Hong Kong has come out on top of a new survey by the Asian Corporate Governance Association (ACGA) regarding proxy voting of shares for institutional investors. But even Hong Kong lags far behind the benchmark markets of Australia, the United Kingdom and the United States.

ôRemoving the many impediments to proxy voting would, we believe, contribute to stronger and more efficient capital-market development in Asia,ö says Jamie Allen, secretary-general of the ACGA.

The report was co-sponsored by CLSA and TIAA-CREF, one of AmericaÆs most progressive public pension funds, and presented at CLSA's recent investorsÆ conference.

Proxy voting is a game of two halves. The first is getting information to shareholders prior to general meetings. The second is the delivery, collating and counting of votes. Informing investors is, the report says, ôin a parlous stateö. Implementation ôis, if anything, in worse shapeö.

Allen says it matters that proxy voting is not fair and efficient. ôVoting is a basic right of share ownership and issuers have a legal and moral obligation to facilitate it.ö Hampering cross-border investorsÆ ability to vote their shares flies in the face of the regionÆs attempts to develop its capital markets. And institutional investors worldwide are under increasing pressure to vote their shares.

The survey quizzed 48 institutional investors, most of which are large organisations domiciled in the US or Europe but with a long history of investing in Asia. The survey also included some Asia-domiciled institutions or fund management companies. But nearly half of these didnÆt respond to the survey, either because the institution doesnÆt vote its share (and in some cases didnÆt know it could), or because it votes in the US or Europe but not yet in Asia (or if it does, it only votes in Japan).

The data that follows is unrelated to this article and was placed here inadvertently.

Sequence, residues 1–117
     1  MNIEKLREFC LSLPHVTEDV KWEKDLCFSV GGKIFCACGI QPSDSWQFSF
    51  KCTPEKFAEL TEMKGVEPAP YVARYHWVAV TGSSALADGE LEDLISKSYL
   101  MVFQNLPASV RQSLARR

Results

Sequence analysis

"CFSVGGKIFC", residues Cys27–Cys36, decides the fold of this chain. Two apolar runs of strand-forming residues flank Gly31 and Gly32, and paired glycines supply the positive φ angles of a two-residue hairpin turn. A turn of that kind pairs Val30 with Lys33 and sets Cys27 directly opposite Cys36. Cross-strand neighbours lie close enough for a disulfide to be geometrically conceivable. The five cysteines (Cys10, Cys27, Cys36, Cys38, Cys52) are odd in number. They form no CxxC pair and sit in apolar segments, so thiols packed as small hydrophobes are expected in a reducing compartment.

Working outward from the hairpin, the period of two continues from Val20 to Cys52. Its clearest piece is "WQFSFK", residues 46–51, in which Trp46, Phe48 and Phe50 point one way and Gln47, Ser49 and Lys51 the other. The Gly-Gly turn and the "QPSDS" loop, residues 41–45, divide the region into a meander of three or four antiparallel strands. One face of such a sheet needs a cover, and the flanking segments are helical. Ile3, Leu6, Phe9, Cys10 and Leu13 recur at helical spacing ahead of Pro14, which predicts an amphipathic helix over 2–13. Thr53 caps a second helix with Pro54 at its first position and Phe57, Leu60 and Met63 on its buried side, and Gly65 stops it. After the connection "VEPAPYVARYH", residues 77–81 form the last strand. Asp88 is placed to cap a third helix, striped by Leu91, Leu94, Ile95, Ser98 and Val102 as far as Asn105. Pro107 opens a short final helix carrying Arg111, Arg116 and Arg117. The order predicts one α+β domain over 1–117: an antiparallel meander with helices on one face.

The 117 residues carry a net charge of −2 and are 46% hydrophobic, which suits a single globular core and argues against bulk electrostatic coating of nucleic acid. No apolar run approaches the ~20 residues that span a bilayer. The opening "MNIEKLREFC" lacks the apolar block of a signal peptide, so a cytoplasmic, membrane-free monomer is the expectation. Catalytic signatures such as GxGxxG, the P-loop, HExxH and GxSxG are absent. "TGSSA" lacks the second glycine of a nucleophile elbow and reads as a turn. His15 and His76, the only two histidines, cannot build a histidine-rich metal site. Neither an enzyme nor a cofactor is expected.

The remaining respondents manage a total of $3 trillion of assets, with an average size of $156 billion, and invest 6-21% of AUM into Asia.

Among the key findings: Hong Kong is the regional leader but scores well below Australia, the UK and the US; and Japan and Taiwan have the weakest voting systems, with Korea not far behind (China wasnÆt ranked).

The report recommends notices and agendas be published at least a month before general meetings, preferably with an English translation; that custodians be able to give institutions at least two weeks after publishing the agenda to vote; that regulators upgrade their listing rules to require a higher standard of information to be provided, and governments and stock exchanges consider establishing national electronic voting systems; institutions and regulators should insist on voting by ballet, not by hand; investors should vote against any resolutions that bundle separate items together, as a matter of policy; issuers should hire independent auditors to ensure the voting has been fair.